Enterprise technology stacks are becoming so complex, and they’re ever-evolving as new technologies meant to speed up and simplify application development are introduced (e.g., microservices). Already spread thin, devops are having to adapt to the cloud-based needs of today’s businesses.
Until organizations are able to source adequately skilled professionals, devops will need to learn to manage, deploy and ensure interoperability between edge, container, AI, security and other technologies. It’s also important to note that they’ll need to understand when and how to refactor applications and manage multicloud technologies while knowing how to implement and manage applications deployed in the cloud versus on-premises (the skills differ immensely).
How enterprises can succeed against the cloud skills gap
Enterprises can power through their digital transformation journeys despite the dearth of cloud talent by considering technical solutions that simplify cloud migration and build upon existing skillsets, investing in employee training opportunities (without adding more work to their plates) and fostering a culture of transparency and collaboration.
First, new solutions must be simple and flexible enough to seamlessly adopt. For example, look for next-generation, cloud-based technologies (e.g., databases) that allow developers to use the languages, frameworks and technologies they already know how to use. This is important, given that many devops have skills rooted in legacy technologies and on-premise environments. An excellent way to ease their transition to the cloud is by investing in tools that require minimum upskilling. Technologies that enable devops to leverage languages already within the skill set of today’s developers, such as SQL, can make cloud adoption less daunting.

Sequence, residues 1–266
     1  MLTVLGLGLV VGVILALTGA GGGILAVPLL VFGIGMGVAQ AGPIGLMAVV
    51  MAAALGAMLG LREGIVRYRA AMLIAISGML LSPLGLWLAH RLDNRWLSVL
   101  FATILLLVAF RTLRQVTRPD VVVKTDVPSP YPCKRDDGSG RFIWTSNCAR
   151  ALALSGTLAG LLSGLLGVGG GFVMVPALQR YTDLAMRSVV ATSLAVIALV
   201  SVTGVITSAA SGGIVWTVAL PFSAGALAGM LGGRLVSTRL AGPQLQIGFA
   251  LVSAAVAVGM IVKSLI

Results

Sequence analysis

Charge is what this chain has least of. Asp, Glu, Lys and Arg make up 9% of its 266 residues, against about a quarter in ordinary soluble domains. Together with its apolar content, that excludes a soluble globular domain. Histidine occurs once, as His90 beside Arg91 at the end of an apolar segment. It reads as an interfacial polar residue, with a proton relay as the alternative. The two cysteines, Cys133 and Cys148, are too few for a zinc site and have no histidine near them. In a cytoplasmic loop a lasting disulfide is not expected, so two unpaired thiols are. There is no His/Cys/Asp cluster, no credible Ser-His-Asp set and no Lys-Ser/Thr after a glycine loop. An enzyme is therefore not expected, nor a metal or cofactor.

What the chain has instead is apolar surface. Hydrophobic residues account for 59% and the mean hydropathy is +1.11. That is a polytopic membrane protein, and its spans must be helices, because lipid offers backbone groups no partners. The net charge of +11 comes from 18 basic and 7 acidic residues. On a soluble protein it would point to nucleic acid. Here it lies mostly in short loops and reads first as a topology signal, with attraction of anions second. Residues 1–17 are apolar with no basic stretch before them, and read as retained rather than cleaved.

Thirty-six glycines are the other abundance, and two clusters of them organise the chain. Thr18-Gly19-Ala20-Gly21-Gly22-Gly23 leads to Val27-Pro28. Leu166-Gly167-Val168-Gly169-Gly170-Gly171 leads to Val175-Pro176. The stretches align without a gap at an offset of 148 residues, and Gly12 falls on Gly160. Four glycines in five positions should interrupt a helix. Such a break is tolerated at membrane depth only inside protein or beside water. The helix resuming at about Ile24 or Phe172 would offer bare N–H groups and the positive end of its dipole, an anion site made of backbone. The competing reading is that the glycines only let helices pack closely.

Next, organizations should train their employees on the skills needed to implement and sustain cloud migration – without adding additional stress/work to devops. Research conducted by The Linux Foundation found that over half of organizations prioritized investment in training and networking opportunities for employees, but with 66% of developers wanting more employer-sponsored training opportunities to help them succeed, it’ll be wise for more enterprises to invest further in training.
And finally, organizations should foster a culture of learning, collaboration and transparency to ensure employees feel comfortable sharing what’s working and what could be improved. For example, managers could promote this by initiating regular one-on-ones with team members to ensure their needs are being met, get feedback on current processes and better understand their workloads to avoid burnout.
While these suggestions may not yield immediate results, they can be implemented quickly in the short term.
Moving forward amid the cloud skills talent shortage
For many organizations, digital transformation is an existential imperative, and they must continue to progress in their cloud journeys despite the lack of cloud skills talent. And while there are macro efforts to address the skills gap, these efforts are often not helpful to enterprises in the near term. However, organizations can still succeed if they focus on adopting the right technologies, encouraging continuous training and promoting a culture that celebrates collaboration, honesty and transparency.
Rahul Pradhan is VP of cloud products, engineering and operations at Couchbase.